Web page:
I have ext3 filesystem mounted with default options. On it I have some ~ 100GB files.

Removal of any of such files takes long time (8 minutes) and causes a lot of io traffic, which increases load on server.

Is there any way to make the rm not as disruptive?

11 Answers 11


The most interesting answer was originally buried in a comment on the question. Here it is as a first class answer to make it more visible:

Basically no method from here worked, so we developed our own. Described it in here: http://www.depesz.com/index.php/2010/04/04/how-to-remove-backups/ – depesz Apr 6 '10 at 15:15

That link is an incredibly thorough analysis of the exploration for and discovery of a workable solution.

Note also:

The article says:

As you can see, I used -c2 -n7 options to ionice, which seem sane.

which is true, but user TafT says if you want no disruption then -c3 'idle' would be a better choice than -c2 'best-effort'. He has used -c3 to build in the background and has found it to work well without causing the build to wait for ever. If you really do have 100% io usage then -c3 will not let the delete ever complete but he doesn't expect that is what you have based on the worked test.


Upgrade to ext4 or some other modern filesystem that uses extents. Since ext3 uses the indirect blocks scheme rather than extents, deleting large files inevitably entails lots of work.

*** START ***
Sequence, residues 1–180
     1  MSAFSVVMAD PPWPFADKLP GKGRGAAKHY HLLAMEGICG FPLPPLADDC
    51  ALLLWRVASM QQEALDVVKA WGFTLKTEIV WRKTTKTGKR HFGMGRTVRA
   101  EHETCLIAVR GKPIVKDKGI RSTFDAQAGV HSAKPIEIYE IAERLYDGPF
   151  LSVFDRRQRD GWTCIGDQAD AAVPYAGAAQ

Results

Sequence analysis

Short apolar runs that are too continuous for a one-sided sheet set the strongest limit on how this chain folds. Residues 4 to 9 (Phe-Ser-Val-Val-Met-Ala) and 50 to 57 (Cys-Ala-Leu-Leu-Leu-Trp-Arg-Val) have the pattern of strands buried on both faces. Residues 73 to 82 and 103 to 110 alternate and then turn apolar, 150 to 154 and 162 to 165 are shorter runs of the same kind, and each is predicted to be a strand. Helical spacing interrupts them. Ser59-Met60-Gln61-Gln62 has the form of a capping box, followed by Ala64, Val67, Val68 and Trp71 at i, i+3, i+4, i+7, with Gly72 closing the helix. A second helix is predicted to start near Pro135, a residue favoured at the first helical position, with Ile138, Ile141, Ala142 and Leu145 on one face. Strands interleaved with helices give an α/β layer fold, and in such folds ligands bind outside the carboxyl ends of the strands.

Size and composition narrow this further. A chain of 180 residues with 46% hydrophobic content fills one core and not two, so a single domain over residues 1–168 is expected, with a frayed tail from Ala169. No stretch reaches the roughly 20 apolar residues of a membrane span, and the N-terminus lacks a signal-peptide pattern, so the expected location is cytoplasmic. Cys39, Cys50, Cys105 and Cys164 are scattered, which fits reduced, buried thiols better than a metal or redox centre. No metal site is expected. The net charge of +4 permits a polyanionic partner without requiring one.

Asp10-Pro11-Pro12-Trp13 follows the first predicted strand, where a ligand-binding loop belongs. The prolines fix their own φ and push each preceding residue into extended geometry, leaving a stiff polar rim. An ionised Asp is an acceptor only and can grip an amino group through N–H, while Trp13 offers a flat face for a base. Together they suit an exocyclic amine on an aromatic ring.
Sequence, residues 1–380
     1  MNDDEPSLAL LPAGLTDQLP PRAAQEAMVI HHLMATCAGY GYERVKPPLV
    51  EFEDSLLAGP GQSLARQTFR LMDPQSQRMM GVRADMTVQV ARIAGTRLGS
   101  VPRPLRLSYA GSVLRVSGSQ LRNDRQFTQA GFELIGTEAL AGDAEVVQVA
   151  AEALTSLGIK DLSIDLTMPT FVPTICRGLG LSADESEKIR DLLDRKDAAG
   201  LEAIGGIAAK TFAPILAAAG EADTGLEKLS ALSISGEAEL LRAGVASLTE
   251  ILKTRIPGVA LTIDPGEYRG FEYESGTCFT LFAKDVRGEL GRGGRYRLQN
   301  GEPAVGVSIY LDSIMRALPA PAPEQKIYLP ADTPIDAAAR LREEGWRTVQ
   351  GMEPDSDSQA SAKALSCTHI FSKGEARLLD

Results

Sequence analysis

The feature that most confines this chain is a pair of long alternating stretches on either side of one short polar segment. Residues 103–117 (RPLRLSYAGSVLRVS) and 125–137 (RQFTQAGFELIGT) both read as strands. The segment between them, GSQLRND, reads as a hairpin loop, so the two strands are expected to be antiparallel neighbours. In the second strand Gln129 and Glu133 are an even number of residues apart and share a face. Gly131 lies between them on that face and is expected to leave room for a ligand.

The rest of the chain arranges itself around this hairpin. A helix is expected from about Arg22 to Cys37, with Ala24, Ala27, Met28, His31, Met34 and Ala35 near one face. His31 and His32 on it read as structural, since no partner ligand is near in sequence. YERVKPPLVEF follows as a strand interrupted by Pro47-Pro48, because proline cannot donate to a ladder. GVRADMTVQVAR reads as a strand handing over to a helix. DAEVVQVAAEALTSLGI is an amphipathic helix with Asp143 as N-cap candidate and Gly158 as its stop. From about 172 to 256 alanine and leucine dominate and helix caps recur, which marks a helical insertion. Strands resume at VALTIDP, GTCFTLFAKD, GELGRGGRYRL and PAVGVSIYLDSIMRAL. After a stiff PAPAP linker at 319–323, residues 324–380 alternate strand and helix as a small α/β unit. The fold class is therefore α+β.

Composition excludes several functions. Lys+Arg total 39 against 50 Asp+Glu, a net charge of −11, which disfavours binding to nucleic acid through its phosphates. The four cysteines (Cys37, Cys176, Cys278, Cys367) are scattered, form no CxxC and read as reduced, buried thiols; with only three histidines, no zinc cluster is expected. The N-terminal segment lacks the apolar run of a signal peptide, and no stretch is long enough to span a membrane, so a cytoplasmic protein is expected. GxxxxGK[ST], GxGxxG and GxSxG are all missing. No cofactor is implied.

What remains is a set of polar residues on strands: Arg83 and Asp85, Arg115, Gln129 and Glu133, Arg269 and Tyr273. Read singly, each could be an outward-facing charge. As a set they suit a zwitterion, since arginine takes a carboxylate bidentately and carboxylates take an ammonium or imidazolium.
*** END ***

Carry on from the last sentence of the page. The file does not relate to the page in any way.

You can give ionice a try. It won't make it faster but it might make it less disruptive.


In terms of efficiency, using one rm per file is not optimal, as it requires a fork and exec for each rm.

Assuming you have a list.txt containing the files you want to remove this would be more efficient but it's still gonna be slow:

xargs -i rm {} < list.txt

Another approach would be to : nice -20 xargs -i rm {} < list.txt
(this will take less time but will affect your system greatly :)


I don't know how fast this would be but:

mv <file-name> /dev/null 


Create a special mount point with a fast filesystem (using a loop device ?) , use that to store and delete your Huge files.
(maybe move the files there before you delete them, maybe it's faster or maybe just unmount it when you want files gone)


cat /dev/null > /file/to/be/deleted (so it's zero-sized now) and if you want it to disappear just rm -rf <file> now

or even better

drop the cat and just do # > /file/to/be/emptied


I had problems getting the directory to delete at a reasonable pace, turns out the process was locking the disk and creating a pileup of processes trying to access the disk. ionice didn't work, it just continued to use 99% of the disk IO and locked all the other processes out.

Here's the Python code that worked for me. It deletes 500 files at a time, then takes a 2 second break to let the other processes do their work, then continues. Works great.

import os, os.path
import time

for root, dirs, files in os.walk('/dir/to/delete/files'):
    file_num = 0
    for f in files:
        fullpath = os.path.join(root, f)
        if file_num%500 == 1:
            print "Deleted %i files" % file_num
        file_num = file_num + 1
  • 1
    Try it on 100G+ files on ext3 filesystem. The problem is in size of single file, not number of files. – user13185 Dec 23 '12 at 18:51
  • In your case it sounds like it wouldn't work. But I had a ton of small files. Thanks for the feedback. – Nick Woodhams Dec 23 '12 at 23:03

My two cents.

I ve already got this issue. "In sequential script that have to run fast, the process do remove a lot of file" .. So the "rm" will make that script speed close to the IO wait/exec time.